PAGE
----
You ignored my pain, Mr Spender;Talkback

1st October 1999 at 01:00
What were you thinking of Mr Spender, when you looked at the livid bruises on my back? What were you thinking of when you saw me looking? You know I saw you looking at me. I turned away only to realise that my classmates had a closer view than you did.

Changing for PE, there was nowhere for me to hide my mother's shame written so clearly across my back for all to see. It has taken me 35 years to realise that you deliberately ignored it, Mr Spender.

It wasn't just once, or twice. Did you ever wonder why I always lost my swimming trunks on the days the class trooped off to the municipal pool? Or learned to change for PE with my back to the wall? Hated summer time? Well I'll tell you. Mum used to knock me about a bit. Taking your shirt off has added significance when part of her technique was to hit me where, mostly, she thought people wouldn't notice.

Occasionally when she got really mad, she'd miss and hit my head. To this day I have a lump there, still well hidden under my hair. By 10 you've learned to accept it, provided it's private. The worst thing is for others to find out. But they always do.

Your mates see it in your eyes. You avoid fights. Your knuckles and forearms are raw from trying to defend yourself. And what's the point in joining a fight when you are in pain before it starts? Yes, I learned to be a coward early. That pain lasted for weeks, months, years - well in my case a decade or three. And now, Mr Spender, I can still see that flash of recognition in your eyes, that thump in your heart when you first knew I was being abused. But you did nothing. That makes us both cowards, then. You were the only one with some kind of authority who might have spoken on my behalf, but you didn't.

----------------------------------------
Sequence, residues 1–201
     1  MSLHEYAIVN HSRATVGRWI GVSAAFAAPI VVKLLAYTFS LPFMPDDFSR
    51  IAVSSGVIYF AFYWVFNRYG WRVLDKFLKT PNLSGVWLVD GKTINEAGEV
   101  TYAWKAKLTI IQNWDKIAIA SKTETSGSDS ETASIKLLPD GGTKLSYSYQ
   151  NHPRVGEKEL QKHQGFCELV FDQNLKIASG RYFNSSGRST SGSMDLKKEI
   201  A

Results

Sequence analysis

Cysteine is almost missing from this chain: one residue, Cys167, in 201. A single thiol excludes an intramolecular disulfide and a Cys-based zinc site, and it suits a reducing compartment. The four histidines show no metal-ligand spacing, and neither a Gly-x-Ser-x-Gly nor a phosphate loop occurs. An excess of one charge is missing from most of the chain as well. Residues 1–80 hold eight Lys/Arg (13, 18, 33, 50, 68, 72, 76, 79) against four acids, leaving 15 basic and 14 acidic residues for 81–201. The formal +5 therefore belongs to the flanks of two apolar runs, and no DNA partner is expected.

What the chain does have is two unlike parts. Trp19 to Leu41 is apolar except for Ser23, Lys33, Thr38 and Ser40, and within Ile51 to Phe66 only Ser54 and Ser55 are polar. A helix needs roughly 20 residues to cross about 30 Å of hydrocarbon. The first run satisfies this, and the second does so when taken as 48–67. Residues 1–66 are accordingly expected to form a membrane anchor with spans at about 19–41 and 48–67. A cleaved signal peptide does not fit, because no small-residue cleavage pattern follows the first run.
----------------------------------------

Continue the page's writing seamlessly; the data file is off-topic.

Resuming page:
Now I teach student teachers to teach, Mr Spender. What do you suggest I tell them about dealing with child abuse? Do you still think silence is the best policy? I hope not Mr Spender. If I were to tell my students about how it affected me, they would be embarrassed, look at the floor, giggle nervously, even leave the room.

The conspiracy of silence perpetuates the horror, until some brave teacher stands up for those children who cannot do so for themselves, Mr Spender.

The author is a senior lecturer in a northern college

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